The new rule proposed by the SEC in March 2022 would require public companies to disclose cyberattacks within four days, along with periodic reports on their cyber risk management plans. Specifically, the proposed rule would change reporting requirements to include disclosure of cybersecurity incidents “within four business days after the reporter determines that they have experienced a significant cybersecurity incident.”
In March 2022, the US Senate also unanimously passed the Strengthening American Cybersecurity Act of 2022. It would, among other things, require critical infrastructure operators and federal agencies to report cyberattacks and ransomware payments.
The incremental changes in disclosure thinking follow a call from Microsoft President Brad Smith for mandatory disclosure of cyberattacks. Smith urged U.S. lawmakers to impose a duty on businesses and organizations to report any cyberattacks they face to better protect the country from incidents such as breaches of SolarWinds systems.
European cybersecurity legislation
Creating new laws to deal with cybersecurity is a challenge for a country. It is even more difficult to introduce them in 27 countries. A new EU bill, NIS2, sets stricter cybersecurity obligations for risk management, reporting obligations and information sharing. The law will introduce new rules in EU member states to improve the security of networks and information systems.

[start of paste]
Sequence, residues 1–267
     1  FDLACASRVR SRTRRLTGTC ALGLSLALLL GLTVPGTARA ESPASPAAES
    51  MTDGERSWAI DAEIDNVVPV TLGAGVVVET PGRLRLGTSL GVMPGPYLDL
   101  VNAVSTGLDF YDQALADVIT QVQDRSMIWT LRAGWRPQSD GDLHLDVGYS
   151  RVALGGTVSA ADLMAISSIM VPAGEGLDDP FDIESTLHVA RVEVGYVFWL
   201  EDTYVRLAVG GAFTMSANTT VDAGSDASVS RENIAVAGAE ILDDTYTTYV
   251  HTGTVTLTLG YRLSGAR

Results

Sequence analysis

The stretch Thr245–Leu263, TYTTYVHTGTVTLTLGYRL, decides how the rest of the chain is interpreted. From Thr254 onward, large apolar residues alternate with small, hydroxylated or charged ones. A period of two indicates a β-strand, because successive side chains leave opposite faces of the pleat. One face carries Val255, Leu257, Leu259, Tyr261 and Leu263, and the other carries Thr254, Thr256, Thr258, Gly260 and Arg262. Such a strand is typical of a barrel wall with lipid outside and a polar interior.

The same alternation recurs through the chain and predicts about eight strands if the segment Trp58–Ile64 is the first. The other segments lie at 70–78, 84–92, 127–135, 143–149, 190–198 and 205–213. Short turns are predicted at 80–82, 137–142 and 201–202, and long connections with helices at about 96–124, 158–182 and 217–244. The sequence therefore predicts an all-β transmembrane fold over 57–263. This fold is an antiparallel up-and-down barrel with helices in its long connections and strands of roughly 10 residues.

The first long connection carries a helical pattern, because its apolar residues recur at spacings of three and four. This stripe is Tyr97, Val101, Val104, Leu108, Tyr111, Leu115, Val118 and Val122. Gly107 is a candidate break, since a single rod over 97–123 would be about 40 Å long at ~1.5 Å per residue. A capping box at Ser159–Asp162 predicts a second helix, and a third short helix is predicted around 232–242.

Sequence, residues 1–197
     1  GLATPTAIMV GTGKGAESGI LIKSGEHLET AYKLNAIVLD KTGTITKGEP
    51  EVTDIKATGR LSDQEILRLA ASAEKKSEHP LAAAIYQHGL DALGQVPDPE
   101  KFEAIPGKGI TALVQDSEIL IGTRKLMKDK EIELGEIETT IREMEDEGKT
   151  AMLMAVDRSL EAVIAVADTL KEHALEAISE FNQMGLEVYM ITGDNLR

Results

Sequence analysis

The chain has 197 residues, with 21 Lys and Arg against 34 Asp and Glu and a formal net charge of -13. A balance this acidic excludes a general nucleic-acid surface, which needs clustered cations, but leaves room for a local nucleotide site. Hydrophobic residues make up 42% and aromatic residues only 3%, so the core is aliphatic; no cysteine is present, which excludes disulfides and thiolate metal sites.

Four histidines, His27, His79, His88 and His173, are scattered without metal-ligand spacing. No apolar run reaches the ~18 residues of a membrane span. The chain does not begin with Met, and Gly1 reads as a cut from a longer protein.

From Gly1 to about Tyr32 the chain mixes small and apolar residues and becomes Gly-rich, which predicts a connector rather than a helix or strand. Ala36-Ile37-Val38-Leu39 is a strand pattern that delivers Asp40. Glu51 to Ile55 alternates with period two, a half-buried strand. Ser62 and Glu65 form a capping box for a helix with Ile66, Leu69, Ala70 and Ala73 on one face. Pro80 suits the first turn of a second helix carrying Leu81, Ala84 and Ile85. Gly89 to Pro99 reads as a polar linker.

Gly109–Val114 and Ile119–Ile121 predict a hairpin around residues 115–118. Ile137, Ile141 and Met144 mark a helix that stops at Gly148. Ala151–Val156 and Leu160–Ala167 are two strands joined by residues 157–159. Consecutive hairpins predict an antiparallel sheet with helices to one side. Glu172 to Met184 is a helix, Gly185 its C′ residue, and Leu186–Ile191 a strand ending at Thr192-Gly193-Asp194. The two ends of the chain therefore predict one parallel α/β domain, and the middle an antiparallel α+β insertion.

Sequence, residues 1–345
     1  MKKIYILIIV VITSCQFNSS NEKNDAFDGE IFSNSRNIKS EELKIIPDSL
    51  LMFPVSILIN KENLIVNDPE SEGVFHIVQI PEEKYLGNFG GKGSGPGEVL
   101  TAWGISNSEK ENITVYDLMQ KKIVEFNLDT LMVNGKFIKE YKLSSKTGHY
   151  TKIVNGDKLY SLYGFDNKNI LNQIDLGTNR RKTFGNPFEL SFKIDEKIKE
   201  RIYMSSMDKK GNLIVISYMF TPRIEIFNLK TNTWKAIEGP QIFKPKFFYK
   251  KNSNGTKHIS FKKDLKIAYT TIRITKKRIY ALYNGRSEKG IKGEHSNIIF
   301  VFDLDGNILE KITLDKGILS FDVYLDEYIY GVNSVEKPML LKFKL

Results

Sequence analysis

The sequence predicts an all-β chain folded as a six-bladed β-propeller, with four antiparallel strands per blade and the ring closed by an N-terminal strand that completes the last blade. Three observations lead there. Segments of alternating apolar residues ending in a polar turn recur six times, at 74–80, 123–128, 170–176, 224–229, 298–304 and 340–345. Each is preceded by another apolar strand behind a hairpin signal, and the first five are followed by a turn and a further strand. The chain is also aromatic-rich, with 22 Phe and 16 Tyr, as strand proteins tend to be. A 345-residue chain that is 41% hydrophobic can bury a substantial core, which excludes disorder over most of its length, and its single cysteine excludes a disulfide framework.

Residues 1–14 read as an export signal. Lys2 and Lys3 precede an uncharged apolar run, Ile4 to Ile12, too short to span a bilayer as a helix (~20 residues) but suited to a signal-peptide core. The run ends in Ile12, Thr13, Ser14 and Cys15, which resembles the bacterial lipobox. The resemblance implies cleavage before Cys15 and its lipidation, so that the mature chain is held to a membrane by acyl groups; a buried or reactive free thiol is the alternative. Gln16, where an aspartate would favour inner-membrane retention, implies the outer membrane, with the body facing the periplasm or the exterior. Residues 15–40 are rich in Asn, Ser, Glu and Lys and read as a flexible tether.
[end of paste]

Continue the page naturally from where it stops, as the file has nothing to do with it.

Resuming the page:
EU countries should adhere to stricter monitoring and enforcement measures and harmonize their sanctions regimes. Requirements include incident response, supply chain security, encryption, and vulnerability disclosure, among other provisions. The directive also establishes a framework for better cooperation and information sharing between authorities and member states and creates a European database on vulnerabilities.
The original EU cybersecurity directive was put in place in 2017, but EU countries have all implemented it differently, leading to insufficient levels of cybersecurity. Several issues still need to be resolved under NIS2, including reporting requirements in the event of a cyber incident. Once approved, the law is expected to come into force by 2024.
Consumer Software Security Standards
The US government wants consumers to care more about whether their internet-connected devices are hackable or not. He wants to go beyond increasing cyber defenses in critical industries to try to change the way people think about cybersecurity. It remains to be seen whether other countries will copy the movement.
The effort emerged from President Biden’s Executive Order on Cybersecurity in May 2021, and it was launched by the US National Institute of Standards and Technology (NIST). NIST plans to create a certificate program that verifies that Internet-connected devices meet basic cyber standards, such as accepting software patches and giving users control over what information devices collect and share about them. .
This is an edited excerpt from Cybersecurity – Thematic research report produced by GlobalData Thematic Research.